The goal I set myself was to find a piece of the datawrangling jigsaw puzzle that would let me easily load a previously exported SQL database into MySQL running in a container, the idea being we should be able to write a single command that points to a directory containing some exported SQL stuff, and then load that data straight into a container in which you can start querying it . (There’s possibly (probably?) a well known way of doing this for the folk who know how to do it, but what do I know….?!;-)

The solution I settled with was a set of python scripts published by Luis Elizondo / luiselizondo [about] that wrap some docker commands to produce a commandline tool for firing up and populating MySQL instances, as well as connecting to them: docker-mysql-scripts.

The data I thought I’d play with is the 2013 UK MOT results database, partly because I found a database config file (that I think may originally have been put together by Ian Hopkinson). My own archive copy of the relevant scripts (including the sql file to create the necessary MOT database tables and boot load the MOT data) can be found here. Download the scripts and you should be able to run them (perhaps after setting permissions to make them executable) as follows:

#Scripts: https://gist.github.com/psychemedia/86980a9e86a6de87a23b
#Create a container mot2013 with MySQL pwd: mot
#/host/path/to/ should contain:
## mot_boot.sql #Define the database tables and populate them
## test_result_2013.txt  #download and uncompress: http://data.dft.gov.uk/anonymised-mot-test/12-03/test_result_2013.txt.gz 
## test_item_2013.txt  #download and uncompress: http://data.dft.gov.uk/anonymised-mot-test/12-03/test_item_2013.txt.gz 
## mdr_test_lookup_tables/ #download and unzip: http://data.dft.gov.uk/anonymised-mot-test/mdr_test_lookup_tables.zip

#Create a container 'mot2013' with MYSQL password: mot
dmysql-server mot2013 mot

#Create a database: motdata
dmysql-create-database mot2013 motdata

#Populate the database using the mot_boot.sql script
dmysql-import-database mot2013 /host/path/to/mot_boot.sql --database motdata

I can then login in to the database with the command dmysql mot2013, connect to the appropriate database from the MySQL client with the SQL command USE motdata; and then run queries on the 2013 MOT data.

The scripts also allow the database contents to be managed via a separate data container:

#Create a new container called: test with an external data container
dmysql-server --with-volume test test
#This creates a second container - TEST_DATA - that manages the database files
#The name is given by: upper($CONTAINERNAME)+'_DATA'

#Create a dummy db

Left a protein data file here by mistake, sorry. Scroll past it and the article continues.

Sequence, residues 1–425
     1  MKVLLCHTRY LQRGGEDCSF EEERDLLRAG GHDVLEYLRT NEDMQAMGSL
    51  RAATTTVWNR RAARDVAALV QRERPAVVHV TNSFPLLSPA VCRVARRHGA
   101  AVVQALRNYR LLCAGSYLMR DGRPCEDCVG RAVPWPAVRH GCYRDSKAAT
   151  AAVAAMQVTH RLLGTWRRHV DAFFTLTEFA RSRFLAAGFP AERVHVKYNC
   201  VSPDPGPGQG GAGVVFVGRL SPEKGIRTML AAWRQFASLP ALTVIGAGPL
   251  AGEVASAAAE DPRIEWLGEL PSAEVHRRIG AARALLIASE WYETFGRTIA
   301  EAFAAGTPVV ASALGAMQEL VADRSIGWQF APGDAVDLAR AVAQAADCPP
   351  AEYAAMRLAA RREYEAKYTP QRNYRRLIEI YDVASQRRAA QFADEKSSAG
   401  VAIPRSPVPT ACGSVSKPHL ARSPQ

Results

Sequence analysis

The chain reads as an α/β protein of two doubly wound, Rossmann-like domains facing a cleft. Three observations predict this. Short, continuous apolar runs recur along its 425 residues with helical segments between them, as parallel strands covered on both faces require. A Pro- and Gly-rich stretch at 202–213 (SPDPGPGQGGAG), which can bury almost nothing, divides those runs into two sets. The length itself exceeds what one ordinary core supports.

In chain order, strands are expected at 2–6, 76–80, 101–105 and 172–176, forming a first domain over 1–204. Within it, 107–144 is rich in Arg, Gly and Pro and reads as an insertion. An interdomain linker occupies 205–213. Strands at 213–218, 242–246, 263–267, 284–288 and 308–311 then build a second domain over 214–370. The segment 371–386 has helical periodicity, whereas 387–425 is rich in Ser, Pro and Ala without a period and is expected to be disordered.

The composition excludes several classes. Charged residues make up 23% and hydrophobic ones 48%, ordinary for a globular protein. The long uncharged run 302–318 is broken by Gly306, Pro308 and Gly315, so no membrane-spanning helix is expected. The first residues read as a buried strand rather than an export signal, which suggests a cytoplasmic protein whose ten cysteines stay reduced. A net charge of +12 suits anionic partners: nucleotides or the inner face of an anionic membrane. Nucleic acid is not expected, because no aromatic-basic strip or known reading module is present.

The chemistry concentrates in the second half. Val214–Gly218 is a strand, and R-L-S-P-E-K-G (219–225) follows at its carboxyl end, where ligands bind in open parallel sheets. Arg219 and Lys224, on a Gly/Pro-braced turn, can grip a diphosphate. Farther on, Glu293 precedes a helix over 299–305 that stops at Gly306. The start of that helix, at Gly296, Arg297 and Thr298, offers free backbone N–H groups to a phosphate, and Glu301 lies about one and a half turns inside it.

dmysql-create-database test testdb

#We can connect to the database as before
#dmysql test
mysql> exit

#Delete this container, removing any attached volumes with the -v flag
docker rm -v -f test

#Create a new container connected to the original TEST_DATA container
docker run --volumes-from TEST_DATA --name test4 -e MYSQL_ROOT_PASSWORD="test" -d mysql

#Connect to this new container
dmysql test4
mysql> SHOW DATABASES;
#We should see the testdb database there...

#NOTE - I think that only one database server container can be connected to the TEST_DATA container at a time

So far, so confusing… Here’s a brief description of the current state of my understanding/confusion:

What really threw me is that the database container (either the original mot2013 container or the test database with the external data container) don’t appear to store the data inside the container itself. (So for example, the TEST_DATA container does not contain the database.) Instead, the data appears to be contained in a “hidden” volume that is mounted outside the container. I came a cropper with this originally by deleting containers using commands of the form docker rm [CONTAINER_NAME] and then finding that the docker VM was running out of memory. This deletes the container, but leaves a mounted volume (that is associated with the deleted container name) hanging around. To remove those volumes automatically, containers should be removed with commands of the form docker rm -v [CONTAINER_NAME]. What makes things difficult to tidy up is that the mounted volumes can’t be seen using the normal docker ps or docker ps -a commands; instead you need to install docker-volumes to identify them and delete them. (There’s a possible fix that shows how to store the data inside the container, rather than in an externally mounted volume – I think?! – linked to from this post, but I haven’t tried it because I was trying to use root Dockerfile images.)

The use of the external data volumes also means we can’t easily bundle up a data container using docker commit and then hope to create new containers from it (such a model would allow you to spend an hour or two loading a large-ish data set into a database, then push a data container containing that db to dockerhub; other users could then pull down that image, create a container from it and immediately attach it to a MySQL container without having to go through the pain of building the database; this would provide a nifty way of sharing ready-to-query datasets such as the MOT database. You could just pull a data image, mount it as the data volume/container, and get started with running queries).